- A reprocessed seismic profile across the Marginal Ridge of Ghana shows the reflection geometry north of the Romanche Escarpment and beneath the dark blue horizon. Packages of south-dipping reflectors were interpreted as prograding clinoforms; however, closer inspection reveals the presence of imbricates in a north-vergent, overthrust system. The prominent sedimentary wedge between the light green and purple horizons is interpreted to be a Cenomanian foredeep sequence, slightly redeformed during the Senonian.
The new exploration plays that Vanco has identified include from south to north:
- Sub-thrust (nappe) traps, structural and also stratigraphic terminations against the basal detachment
- En échelon anticlines formed during the Senonian (intra-Santonian?)
- Stratigraphic pinchouts within the Cenomanian foredeep basin.
These play types complement, and are independent of, the traditional plays along this transform margin of West Africa. Traditional plays include structural closures within the syn-rift Albian clastic sequence and the subtle stratigraphic/combination traps for Senonian turbidites.
None of the newly defined play types were tested by the few exploration wells drilled to date on the upper and middle slope of the margin.
The landward verging nappe complex and the associated foredeep basin had to form during a Mid-Cretaceous period in which continental crust existed on both sides of the transform margin, and most likely, at a time of major plate reorganization between Africa and South America. It is not clear at present why this unusual set of structures developed along this particular segment of the margin.
One possible explanation is based on the slightly curved trace of the RFZ running into the African continent deviating from the parallel flow-lines of all the other major fracture zones in the Southern Atlantic. This anomaly was inherited from the structural fabric of the pan-African basement prior to the break-up of the Atlantic Ocean.
Another speculation concerns with the anomalously long offset of the RFZ. Reconstructing the late-stage geometry of the rifting between Africa and South America shows that the Cape Three Points area very "sensitive" to tectonic deformation during the opening of the South Atlantic. At this point, where the continental crusts of the two departing plates were still juxtaposed, even a very small (less than 1°) differential rotation of these continental plates could have caused the observed compressional structures.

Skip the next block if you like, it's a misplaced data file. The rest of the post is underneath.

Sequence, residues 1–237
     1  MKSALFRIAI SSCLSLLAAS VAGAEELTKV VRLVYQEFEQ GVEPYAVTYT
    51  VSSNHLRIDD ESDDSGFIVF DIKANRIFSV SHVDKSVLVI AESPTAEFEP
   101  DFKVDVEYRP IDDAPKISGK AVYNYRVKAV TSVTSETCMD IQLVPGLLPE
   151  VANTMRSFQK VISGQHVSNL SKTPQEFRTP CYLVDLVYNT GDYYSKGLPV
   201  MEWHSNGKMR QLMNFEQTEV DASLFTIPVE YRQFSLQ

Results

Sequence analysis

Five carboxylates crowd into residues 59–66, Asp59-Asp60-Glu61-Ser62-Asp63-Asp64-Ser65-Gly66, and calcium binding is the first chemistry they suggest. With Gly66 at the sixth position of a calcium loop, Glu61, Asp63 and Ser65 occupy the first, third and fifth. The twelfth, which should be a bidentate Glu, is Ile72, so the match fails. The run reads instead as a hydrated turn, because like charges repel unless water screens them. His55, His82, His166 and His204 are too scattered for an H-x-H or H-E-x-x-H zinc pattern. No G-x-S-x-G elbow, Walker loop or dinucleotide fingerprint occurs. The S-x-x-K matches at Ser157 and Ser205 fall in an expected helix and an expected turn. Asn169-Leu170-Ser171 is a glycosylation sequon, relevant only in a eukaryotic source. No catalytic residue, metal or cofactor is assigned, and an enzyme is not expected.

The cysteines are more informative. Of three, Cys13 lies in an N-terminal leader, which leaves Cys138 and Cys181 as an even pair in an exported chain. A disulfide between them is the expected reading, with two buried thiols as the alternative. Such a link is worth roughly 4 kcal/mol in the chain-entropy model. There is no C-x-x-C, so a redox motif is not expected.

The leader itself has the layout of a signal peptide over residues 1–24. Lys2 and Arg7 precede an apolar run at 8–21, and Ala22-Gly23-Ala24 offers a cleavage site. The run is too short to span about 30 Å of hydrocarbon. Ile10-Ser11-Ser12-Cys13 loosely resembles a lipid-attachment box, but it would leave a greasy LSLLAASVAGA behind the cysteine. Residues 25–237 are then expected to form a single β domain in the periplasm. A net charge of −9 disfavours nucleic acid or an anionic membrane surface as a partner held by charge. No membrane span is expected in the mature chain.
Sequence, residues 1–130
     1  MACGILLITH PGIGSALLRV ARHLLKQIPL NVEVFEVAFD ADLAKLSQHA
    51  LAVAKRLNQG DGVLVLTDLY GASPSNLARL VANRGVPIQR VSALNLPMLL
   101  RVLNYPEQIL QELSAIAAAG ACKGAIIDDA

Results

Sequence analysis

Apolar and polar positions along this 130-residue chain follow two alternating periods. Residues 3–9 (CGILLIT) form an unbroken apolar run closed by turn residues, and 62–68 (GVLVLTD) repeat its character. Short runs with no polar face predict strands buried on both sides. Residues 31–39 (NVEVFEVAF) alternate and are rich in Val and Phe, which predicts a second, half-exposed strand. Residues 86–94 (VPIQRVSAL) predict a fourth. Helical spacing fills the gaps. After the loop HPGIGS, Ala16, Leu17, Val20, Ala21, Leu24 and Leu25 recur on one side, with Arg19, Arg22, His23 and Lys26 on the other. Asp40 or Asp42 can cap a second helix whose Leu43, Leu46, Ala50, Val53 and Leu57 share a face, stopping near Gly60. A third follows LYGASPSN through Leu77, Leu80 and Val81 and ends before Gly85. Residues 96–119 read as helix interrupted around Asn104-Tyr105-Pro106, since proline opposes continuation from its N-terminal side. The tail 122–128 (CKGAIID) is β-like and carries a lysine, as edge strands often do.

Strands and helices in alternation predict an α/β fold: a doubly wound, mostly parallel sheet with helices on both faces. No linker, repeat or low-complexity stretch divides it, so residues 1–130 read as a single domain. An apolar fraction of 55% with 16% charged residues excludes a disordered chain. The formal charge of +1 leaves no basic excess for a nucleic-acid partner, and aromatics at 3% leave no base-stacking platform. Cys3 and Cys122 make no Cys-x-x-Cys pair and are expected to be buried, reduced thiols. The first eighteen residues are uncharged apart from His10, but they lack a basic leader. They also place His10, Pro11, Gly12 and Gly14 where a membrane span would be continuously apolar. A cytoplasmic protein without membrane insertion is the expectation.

Regardless of these speculations, the traditional view of transform margin evolution, based mostly on this particular Marginal Ridge of Côte d'Ivoire and Ghana, needs to be updated to accommodate these new findings. Continued exploration work focusing on detailed seismic stratigraphy in conjunction with biostratigraphic well data should help to pinpoint when this event occurred and improve the overall understanding of the margin. Also, the details of the structural evolution will be better constrained by a future 3D seismic survey.
The folding of the Cenomanian foredeep sequence occurred during the Senonian. We speculate that a regional-scale compressional event was responsible for the formation of the en échelon anticlines beneath the Marginal Ridge.
Examples of producing foredeep basins are mostly located onshore and tend to be very prolific. The Colville basin of the North Slope of Alaska, the Aquitanian basin of southern France, the Molasse basin of Austria, and the foredeep basins around the Carpathians, especially in Romania, provide useful analogs that are surprisingly similar to the foredeep basin and folded belt of the Cape Three Points Deep area. These examples show a certain degree of variation in the relative proportion of hydrocarbons found in the folded belt, within the foredeep basin, or in the platform sequence beneath the foredeep. Exactly which of the above mentioned "classical" foredeep basins will provide the closest analog for the anomalous offshore example of the Cape Three Points foredeep basin remains to be seen.
For more information, contact Gabor Tari at tel: 713-386-2701 or e-mail: email@example.com.